Kevin Drum reports on an essay by James Heckman that would be depressing if it weren’t predictable. The basic idea is expressed in this graph:
The chart shows achievement test scores for children of mothers with different levels of education. Children of college graduates score about one standard deviation above the mean by the time they’re three, and that never changes. Children of mothers with less than a high school education score about half a standard deviation below the mean by the time they’re three, and that never changes either. Roughly speaking, nothing we do after age three has much effect.
Drum echoes Heckman’s suggestion that this means we should cut way back on reform efforts aimed at secondary education, and even elementary schooling, and spend that money on early childhood interventions.
I tend to agree, with caveats. Standardized test scores don’t tell you much about how genuinely educated people are. As we see, these tests are basically measuring socioeconomic status, and one of the best things we can do to improve the next generation’s prospects is keeping kids in school, and getting them off to college, and then keeping at-risk students in college. People who drop out of high school usually do it for economic reasons, and that’s especially true of people who don’t complete college. But interventions that improve the number of students completing high school and college should have significant effects in the long run.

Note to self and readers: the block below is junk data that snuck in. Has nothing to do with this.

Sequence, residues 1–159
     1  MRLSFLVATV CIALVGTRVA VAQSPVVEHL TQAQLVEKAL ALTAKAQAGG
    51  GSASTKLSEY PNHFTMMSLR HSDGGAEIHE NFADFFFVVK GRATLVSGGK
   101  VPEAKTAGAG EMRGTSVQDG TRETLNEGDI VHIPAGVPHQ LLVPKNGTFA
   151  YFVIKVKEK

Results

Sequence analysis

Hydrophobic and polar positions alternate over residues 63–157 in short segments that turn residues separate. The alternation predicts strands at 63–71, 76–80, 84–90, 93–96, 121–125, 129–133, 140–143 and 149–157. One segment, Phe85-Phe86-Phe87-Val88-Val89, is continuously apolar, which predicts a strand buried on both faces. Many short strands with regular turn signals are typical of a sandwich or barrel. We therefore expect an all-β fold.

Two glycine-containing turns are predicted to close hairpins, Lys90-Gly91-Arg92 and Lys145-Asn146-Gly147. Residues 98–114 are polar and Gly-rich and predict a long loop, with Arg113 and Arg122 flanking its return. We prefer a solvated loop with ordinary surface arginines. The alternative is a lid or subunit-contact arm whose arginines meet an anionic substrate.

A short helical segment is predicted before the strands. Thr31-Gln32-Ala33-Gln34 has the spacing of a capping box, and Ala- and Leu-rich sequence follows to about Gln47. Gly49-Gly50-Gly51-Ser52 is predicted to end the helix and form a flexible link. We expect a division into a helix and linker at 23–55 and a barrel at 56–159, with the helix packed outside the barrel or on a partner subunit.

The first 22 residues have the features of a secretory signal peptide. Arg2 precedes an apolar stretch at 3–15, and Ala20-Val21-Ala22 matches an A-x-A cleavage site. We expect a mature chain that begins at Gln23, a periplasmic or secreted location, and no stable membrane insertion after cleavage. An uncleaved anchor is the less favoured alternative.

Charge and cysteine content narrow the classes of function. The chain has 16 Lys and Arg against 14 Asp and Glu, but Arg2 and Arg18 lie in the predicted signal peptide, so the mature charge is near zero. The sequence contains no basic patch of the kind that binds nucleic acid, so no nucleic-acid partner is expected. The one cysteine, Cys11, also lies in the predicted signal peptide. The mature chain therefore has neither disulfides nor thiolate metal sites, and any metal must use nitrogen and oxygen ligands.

The focus on test-taking brought on by NCLB and the current crop of reforms can’t do much to encourage people to stay in school, or to become life-long learners. Standardized tests discourage independent study and innovative thinking, which is the name of the game in any good college, let alone high school.
There are ways that the educational system can be and should be reformed, but what this tells us is that the problems we face can’t be faced by firing teachers and shutting down schools. An educational system that raises up the lowest-performing students needs to be focused on issues of poverty, class, and race that limit students’ options.